From ever, we have heard the platitude, self-praise is no recommendation and we have bought it wholesale and retailed it at the best boxing-day discount price in town. But is it fair to deny the belief, the boast, the claim, that something somebody owns, they have done, is so transcendent that it has no comparison just because it is deemed so by the owner of it? If Coca Cola says their product, Coke is it, who dares contradict it? Was Muhammad Ali’s claim that he was the ‘Greatest’ a lie? If Tiger Woods says the same about his golfing genius, would we deny it because he says it himself? Or if Ronaldo or Messi makes the claim that they are better than the best, would we be so presumptuous to say otherwise, that they could say what they want, but we know better?
Truth is, while this world is in a ramshackle mess left so by its maker or makers, we the people who live on it strive for perfection, for excellence, in everything we do. Great inventions, creations, achievements are proliferating across the globe courtesy mankind; so if man takes credit for an improved and improving world, we are justified in our claim in that respect, no?
Sometimes we have to toot our own horn because the person next to us is hardly ever going to do it for us. Why? Well we know all the answers to that question, all about the jealousies and bad mind that make giving praise a hard act for the petty mind. But if I have written a book that makes me exclaim when I actually read it for the first time after its completion, who in heaven’s name wrote this, having been blown away by the literary masterpiece it reads like, it turns out to be, shouldn’t a little self-praise be normal?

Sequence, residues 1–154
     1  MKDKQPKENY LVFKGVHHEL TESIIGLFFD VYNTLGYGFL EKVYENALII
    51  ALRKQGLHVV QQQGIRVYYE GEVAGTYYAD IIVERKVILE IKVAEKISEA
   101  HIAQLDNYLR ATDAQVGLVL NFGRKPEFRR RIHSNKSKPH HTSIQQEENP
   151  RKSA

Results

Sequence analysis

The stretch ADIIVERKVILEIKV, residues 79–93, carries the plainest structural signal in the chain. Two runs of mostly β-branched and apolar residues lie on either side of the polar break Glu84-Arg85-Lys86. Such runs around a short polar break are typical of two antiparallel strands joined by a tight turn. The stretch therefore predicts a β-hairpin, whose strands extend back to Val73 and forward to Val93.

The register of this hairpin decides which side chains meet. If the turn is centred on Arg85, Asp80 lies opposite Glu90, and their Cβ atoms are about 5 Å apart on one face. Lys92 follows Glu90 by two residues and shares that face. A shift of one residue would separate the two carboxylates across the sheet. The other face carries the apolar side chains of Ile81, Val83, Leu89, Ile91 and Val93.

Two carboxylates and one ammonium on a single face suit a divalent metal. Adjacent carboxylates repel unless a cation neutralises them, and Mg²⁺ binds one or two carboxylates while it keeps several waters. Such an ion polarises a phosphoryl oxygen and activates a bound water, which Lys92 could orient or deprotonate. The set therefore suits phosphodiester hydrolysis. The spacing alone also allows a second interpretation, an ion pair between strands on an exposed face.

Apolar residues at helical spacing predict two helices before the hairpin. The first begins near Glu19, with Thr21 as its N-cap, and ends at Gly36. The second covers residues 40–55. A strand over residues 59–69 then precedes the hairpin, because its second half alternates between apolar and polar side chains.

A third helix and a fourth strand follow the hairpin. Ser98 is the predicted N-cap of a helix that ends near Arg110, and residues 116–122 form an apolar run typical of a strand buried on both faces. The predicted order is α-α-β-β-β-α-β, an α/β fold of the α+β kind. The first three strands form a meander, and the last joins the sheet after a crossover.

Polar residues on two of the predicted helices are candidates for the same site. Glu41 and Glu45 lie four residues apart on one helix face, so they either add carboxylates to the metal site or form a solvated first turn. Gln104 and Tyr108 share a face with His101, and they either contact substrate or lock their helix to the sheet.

When the prestigious, exclusive Leaders magazine in my early days of writing decided to feature me and an essay I wrote, I knew when I sent it that it would be accepted by them and when they made the effort (before cell phones) to scour and contact me in Trinidad and shower me with praise, it was almost with a sense of déjà vu I heard it all. I knew how good it was the moment I first read it.
My coming publication, ‘Forever Young, Forever Sexy’ has so placed me in a state of excitement, surreal suspension, that to try and control it and not explode like the big bang, I have taken to writing this preview/review of it. I am undertaking it because I live in a country where qualified, competent and willing reviewers are non-existent. In the print media, you submit a precious free copy and ask some reporter, note taker, really, to review it but because that would require them having to read it and write up something educated about it, they prefer to interview you – your name, address, school etc. – while all what you want is your book reviewed.
So this book is a romance novel with Brad the playboy protagonist experiencing all the vicissitudes of the Casanova life, of being irresistibly desirable to the opposite sex, but also to later suffer from the curses and ravages of no longer being young and able. However, not letting chronology dictate how he lived, he mined all the pharmaceutical knowledge available on the subject – for both men and women – which when taken made one remain forever young and sexy – and which is made available in this book.
Picked out from a crowd of thousands by the star of a musical concert he attended some 25 years earlier was the one and only who wished him to contact her thousands of miles away, He never did but, however, more than two decades later she would see him once again and would be shocked that she instantly recognised him – because all the additives he used and stored in his body like a pharmaceutical warehouse kept him looking as if, indeed, age is only a number.
Apart from the romance connected with him staying ageless and evergreen, this book is worth reading if, I dare say, only for the writer’s command of the English language, his pyrotechnical use of it, and of proving that like T20 cricket, English has the potential to evolve from its mundane etymological roots to branches that spectacularly touch the sky.
When years ago my writer’s colleague asked me which book I would like to have – if only one was available – and I said Herman Hesse’s Siddhartha – I meant it then; now, however, to that same question, I will say without a pause: Forever Young, Forever Sexy by myself:
L Siddhartha Orie.